Yes, that was a magnificent accomplishment, wasn’t it?–discovering so much with one hand tied behind their back, so to speak. The Portuguese simply don’t get enough shout-outs from the rest of the world. While there is a good deal of attention to Portuguese history in my book, the title doesn’t refer to that. Early in our stay, one night my daughter and I bounded about the city, on the trail of a series of artworks that used light as a main feature, all part of an arts festival titled LuzBoa. One of the art works was a huge canvas sculpture of the moon, lit from within. Hannah was entranced by this creation, couldn’t take enough pictures of it, and in a way I think she felt a real kinship for this displaced moon, displayed in a Chiado plaza, as she herself felt displaced, still finding her way at her new school, this foreign country.
It must be quite daunting to come to a foreign culture and try to understand it and to assimilate it without understanding the language. How did you manage to absorb information expressed in a foreign language in order to process it and to develop your essays?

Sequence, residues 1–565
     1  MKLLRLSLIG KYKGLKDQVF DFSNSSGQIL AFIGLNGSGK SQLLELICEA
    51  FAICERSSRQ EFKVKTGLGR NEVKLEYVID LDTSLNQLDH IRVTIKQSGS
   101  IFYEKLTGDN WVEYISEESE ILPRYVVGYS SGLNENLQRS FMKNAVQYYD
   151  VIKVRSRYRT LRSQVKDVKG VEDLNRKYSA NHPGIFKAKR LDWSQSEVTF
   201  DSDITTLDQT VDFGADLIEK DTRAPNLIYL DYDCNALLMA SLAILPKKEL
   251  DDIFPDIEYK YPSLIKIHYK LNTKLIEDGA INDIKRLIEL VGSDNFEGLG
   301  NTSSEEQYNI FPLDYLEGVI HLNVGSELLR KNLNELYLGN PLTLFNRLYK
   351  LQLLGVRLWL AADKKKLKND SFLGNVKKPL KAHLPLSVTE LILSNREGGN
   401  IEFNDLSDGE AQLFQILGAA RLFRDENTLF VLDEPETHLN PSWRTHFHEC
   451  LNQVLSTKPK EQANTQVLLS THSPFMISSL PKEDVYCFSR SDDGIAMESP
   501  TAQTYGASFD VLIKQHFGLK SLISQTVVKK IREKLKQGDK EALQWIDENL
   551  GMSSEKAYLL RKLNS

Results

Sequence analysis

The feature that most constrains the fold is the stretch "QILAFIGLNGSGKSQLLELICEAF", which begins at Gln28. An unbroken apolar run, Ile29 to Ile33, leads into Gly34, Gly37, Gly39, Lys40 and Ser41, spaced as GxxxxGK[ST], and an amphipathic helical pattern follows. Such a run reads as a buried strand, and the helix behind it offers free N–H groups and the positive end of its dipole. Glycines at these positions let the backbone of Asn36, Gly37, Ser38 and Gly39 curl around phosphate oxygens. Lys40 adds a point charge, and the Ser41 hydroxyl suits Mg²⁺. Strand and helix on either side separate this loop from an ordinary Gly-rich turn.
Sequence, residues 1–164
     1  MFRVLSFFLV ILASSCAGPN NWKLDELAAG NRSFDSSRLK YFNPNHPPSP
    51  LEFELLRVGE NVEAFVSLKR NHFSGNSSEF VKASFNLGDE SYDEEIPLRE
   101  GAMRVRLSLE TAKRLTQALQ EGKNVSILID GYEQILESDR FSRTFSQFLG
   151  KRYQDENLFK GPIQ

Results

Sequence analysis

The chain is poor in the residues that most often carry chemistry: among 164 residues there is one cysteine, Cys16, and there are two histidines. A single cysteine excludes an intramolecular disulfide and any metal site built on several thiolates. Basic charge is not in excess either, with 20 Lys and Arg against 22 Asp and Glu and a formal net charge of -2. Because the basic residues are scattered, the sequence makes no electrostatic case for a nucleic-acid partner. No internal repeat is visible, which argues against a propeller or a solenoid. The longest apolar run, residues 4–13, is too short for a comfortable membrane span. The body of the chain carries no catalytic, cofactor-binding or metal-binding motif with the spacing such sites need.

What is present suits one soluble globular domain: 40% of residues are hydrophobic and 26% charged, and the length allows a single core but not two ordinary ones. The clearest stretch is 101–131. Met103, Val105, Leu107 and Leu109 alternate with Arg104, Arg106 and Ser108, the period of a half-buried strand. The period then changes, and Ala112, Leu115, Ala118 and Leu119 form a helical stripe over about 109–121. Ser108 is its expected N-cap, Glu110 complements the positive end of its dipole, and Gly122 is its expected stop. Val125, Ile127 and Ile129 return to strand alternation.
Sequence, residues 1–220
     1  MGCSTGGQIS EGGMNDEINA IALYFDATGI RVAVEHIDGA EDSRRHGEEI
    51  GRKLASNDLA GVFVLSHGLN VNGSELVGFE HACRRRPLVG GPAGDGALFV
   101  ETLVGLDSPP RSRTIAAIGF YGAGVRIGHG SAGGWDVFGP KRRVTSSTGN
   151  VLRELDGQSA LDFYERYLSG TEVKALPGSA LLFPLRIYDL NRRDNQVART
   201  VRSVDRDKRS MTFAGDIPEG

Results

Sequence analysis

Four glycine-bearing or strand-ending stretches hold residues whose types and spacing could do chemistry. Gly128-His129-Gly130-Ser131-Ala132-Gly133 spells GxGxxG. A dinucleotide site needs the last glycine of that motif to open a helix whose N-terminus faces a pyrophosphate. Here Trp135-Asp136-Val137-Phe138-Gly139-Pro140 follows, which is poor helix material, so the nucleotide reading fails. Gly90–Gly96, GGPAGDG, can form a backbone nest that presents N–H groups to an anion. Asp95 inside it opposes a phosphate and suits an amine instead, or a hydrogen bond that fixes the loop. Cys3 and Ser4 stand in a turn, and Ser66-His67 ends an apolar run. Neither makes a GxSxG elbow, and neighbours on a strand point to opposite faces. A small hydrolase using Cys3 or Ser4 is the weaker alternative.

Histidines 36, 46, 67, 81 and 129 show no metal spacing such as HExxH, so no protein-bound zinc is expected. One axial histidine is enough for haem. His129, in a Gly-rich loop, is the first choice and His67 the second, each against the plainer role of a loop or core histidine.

I’d studied Portuguese on and off for a couple of years beforehand, but that did me no good when it came to speaking! But I made a habit of reading a newspaper every day, accompanied by a pocket dictionary, which I nearly thumbed to death by year’s end.
Watching Portuguese television helped, too, and oddly enough, watching American TV shows with Portuguese subtitles was enormously helpful in giving all those language acquisition synapses a workout.
But the essays simply seemed to pour out of me. I think the English language in my brain felt threatened by my Portuguese language labors, and so tried to occupy me as much as possible.
What are your next projects?
Alma and I have just finished a second volume of our African memoir, this one called Braided Worlds. It will appear in 2012. In the immediate future, this summer I’ll be finishing (I dearly hope) a novel that is just on the cusp, titled Invisible Country. All the main characters are ghosts. After that, a novella, based in part on my experiences volunteering near Ground Zero in New York. In a way, more ghosts.
Any final thoughts that you would like to add?
First, thank you for this interview, and the terrific questions. Our year in Portugal had its highest highs, but also its deepest downs, and in many ways we all learned more than we’d expected of saudade, how profound that largely untranslatable emotion can be. Living now far from Portugal, from Lisbon, we each of us long for a return, in our own ways. Yes, the city is inside us, but it would be good to once again walk its actual and not merely its remembered streets.
His latest book, The Moon, Come to Earth: Dispatches from Lisbon is available on Amazon.